Simply put, the US right now cannot afford such low rates on capital gains, dividends, and other 1099 income. These rates should go up by $$ bracket as in the pre-Reagan tax days. this low fixed 15% tax rate is bankrupting the country. However, those who are bank rolling senate election campaigns know that they can stop any bill that may raise rates with the help of the Republicans.

On the expenditure side, the US Defense department’s oversized budget, plus the needless 2 wars, etc. are a huge drain on resources and do not benefit the economy long term. The best defense for this country would be internal investment (infrastructure, research, training/education) but instead $billions are spent way out of proportion to what is needed. REmember, if you add up the top 10 countries defense expenditure it would about equal the US Defense budget. That’s huge and is not sustainable.

Additionally, the US needs to see its 1% Elite pony up their fair share. How? Pass a 2% net worth (intangibles) tax on persons, corporations, trusts, foundations with assets over $10 million. That tax alone could pay off US debt in less that ten years.

Posted by Acetracy | Report as abusive

I don’t understand the lack of reasoning. It’s like everyone is making decisions based on their emotions instead of using old fashion logical deduction. We can give wall street and the big banks 650 billion,(the reason was an emotional scare tactic) but when it comes down to sustaining the services of education, we forget how to add. Instead of chopping off huge chunks on a service that has taken years to build why not take the logical approach and fix what doesn’t work while keeping the service intact to use what is working. I don’t see how becoming dumber can solve our problems. In the real world of problem solving, emotions don’t work. So take a deep breath, let it out slowly, then look over the entire problem before deciding the best solution.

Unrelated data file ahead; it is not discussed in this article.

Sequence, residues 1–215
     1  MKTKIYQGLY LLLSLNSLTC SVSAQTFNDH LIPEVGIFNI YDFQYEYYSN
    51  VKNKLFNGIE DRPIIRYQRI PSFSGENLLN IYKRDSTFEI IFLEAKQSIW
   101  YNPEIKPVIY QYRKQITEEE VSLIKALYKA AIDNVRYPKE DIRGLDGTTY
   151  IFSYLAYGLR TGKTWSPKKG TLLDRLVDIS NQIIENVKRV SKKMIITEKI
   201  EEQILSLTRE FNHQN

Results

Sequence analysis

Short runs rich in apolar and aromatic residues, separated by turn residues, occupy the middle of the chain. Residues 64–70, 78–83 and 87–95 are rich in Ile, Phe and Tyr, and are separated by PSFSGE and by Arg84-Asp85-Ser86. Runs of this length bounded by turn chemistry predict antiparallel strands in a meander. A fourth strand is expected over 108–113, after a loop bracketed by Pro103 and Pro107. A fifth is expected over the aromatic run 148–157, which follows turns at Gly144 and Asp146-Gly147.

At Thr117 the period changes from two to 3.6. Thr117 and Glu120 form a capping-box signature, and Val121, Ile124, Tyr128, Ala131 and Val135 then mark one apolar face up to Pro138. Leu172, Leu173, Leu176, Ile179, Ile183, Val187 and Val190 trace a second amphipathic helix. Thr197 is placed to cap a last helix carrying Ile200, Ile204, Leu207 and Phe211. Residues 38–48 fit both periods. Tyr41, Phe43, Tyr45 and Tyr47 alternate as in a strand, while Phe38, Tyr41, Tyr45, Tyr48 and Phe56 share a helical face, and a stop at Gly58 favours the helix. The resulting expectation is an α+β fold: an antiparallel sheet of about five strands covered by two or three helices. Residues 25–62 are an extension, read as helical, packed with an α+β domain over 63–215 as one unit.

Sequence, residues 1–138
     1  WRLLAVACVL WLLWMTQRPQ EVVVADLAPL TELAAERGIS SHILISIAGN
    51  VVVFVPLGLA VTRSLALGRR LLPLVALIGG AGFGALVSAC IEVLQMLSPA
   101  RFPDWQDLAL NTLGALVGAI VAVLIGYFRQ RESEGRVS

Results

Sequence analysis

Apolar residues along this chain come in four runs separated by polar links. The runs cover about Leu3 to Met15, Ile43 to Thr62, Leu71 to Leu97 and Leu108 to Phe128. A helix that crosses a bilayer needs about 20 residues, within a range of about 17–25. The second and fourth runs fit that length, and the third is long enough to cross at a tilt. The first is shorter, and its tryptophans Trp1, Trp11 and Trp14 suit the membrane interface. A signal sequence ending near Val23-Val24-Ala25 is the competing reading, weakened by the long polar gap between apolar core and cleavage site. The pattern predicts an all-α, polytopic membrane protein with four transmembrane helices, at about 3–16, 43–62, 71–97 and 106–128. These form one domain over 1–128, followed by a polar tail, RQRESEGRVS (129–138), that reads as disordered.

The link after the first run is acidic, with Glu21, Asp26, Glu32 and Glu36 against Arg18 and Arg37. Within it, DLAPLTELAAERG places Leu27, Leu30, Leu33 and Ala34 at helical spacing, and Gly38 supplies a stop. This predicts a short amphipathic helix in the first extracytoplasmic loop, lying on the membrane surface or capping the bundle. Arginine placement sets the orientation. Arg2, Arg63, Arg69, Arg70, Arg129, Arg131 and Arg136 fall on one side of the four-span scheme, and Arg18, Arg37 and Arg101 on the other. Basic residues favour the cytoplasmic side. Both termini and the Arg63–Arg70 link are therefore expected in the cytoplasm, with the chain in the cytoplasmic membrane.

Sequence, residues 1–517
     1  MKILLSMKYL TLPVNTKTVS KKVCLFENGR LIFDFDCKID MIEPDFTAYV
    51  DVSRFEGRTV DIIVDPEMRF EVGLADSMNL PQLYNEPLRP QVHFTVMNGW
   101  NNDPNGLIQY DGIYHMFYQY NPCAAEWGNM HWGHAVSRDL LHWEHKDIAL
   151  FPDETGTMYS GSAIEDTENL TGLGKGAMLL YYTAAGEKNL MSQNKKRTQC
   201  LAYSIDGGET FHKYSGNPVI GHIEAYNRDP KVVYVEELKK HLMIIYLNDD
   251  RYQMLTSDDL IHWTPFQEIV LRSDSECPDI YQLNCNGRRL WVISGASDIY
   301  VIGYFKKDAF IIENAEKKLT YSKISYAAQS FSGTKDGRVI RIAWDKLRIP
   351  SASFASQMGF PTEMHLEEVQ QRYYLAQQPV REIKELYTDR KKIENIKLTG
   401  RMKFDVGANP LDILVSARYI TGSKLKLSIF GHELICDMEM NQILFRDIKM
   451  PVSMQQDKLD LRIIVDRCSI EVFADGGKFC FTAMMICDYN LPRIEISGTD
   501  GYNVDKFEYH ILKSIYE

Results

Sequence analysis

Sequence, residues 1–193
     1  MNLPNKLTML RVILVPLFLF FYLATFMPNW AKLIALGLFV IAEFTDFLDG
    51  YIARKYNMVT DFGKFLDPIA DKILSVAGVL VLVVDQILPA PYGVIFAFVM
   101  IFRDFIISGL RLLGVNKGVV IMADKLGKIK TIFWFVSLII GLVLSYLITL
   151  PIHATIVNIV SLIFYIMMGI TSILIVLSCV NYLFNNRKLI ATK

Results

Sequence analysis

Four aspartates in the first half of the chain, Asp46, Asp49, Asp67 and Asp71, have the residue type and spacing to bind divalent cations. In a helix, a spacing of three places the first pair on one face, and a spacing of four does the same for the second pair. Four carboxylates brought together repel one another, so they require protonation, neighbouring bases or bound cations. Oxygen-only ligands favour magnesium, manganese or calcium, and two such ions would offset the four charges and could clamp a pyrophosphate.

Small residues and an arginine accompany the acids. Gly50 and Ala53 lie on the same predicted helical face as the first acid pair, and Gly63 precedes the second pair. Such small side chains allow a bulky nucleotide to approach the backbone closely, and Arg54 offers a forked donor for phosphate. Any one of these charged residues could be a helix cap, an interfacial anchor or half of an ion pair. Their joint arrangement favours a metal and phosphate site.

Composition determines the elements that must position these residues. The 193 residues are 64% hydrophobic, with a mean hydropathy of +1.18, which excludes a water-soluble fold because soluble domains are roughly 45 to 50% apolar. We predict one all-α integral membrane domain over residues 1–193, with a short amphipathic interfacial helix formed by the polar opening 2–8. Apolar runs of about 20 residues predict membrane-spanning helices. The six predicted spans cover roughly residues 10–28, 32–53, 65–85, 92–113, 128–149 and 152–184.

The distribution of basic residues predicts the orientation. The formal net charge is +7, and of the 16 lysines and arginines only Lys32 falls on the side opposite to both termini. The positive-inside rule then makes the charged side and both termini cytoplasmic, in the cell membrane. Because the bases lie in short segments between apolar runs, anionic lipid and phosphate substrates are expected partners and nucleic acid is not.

Posted by brothersean | Report as abusive

I liked reading the comments from Acetracy and Woltmann. They were factual, and most of the important information today is emotionally criticized instead of factually checked.

Posted by brothersean | Report as abusive

A few questions for you, Mr Walen.

1. The dollar is valuable BECAUSE of its credit and stability. If the US government shows such hubris and subject its investors to the “caprice” of its own Congress”, do you expect the credit of the dollar to hold up?

2. “Voting against raising the debt ceiling is voting against bailouts for Goldman Sachs, JPMorgan and other large Wall Street banks. ” I would like to take you up on that. On what basis do you state this?

3. What “political principles” do you hope to expound on by a swift default? Over-optimism? Argentina had a “swift default” and it was pretty damaging for the record.

Posted by jason.lin | Report as abusive